#73 Simioni

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Posted 04 February 2001 - 22:09

Williams,

But Senna didn't die because of his agressiveness did he? It was freak accident in many ways. Could've happened to Prost, or anyone in the same circunstances.

Todd,

My last post was directed at statistics fans like you. Had Senna retired with the most important records in his pocket, how would you call him overrated? His death didn't bring any benefit to his stature as a great. If anything, it took it away the chance of making it clearer.

#74 molive

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Posted 05 February 2001 - 20:03

Originally posted by BADGER
Anyone who questions Senna's brillance, all I can say is they should find the tape of the race at Donnington in the pouring rain. Senna passed three cars on the first lap and preceded to pull away with ease. It looked like he was driving on a drier track than everyone else that day. It probably was the most incredible performance I have every seen.


Agreed, that was an awesome display, but IMO it has become a bit of a cliché. Senna had many wonderful races in his career which equal or surpass the wet Donington.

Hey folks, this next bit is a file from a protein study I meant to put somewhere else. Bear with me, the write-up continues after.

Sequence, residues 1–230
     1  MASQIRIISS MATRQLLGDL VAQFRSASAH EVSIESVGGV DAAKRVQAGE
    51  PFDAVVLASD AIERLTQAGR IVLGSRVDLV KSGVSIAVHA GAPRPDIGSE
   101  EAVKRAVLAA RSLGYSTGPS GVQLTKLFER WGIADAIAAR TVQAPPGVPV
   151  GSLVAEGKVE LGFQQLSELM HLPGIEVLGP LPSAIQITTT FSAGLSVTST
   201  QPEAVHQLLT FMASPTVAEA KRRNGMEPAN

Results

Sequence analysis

Senna = Simply the Best

#75 magic

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Posted 05 February 2001 - 22:16

'... in fact, he was in a different league.
on thursday afternoon, with the track beginning to dry after half an hour, senna got down to business in the final ten minutes.
he put together a string of laps, the penultimate being almost two seconds quicker than alain prost's best...'

final grid monaco '88.

1 senna* 1.23.998
2 prost** 1.25.425
3 berger 1.26.685

*6x monaco winner
**4x monaco winner

magic

#76 westendorf

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Posted 06 February 2001 - 04:29

SEMPRE SENNA!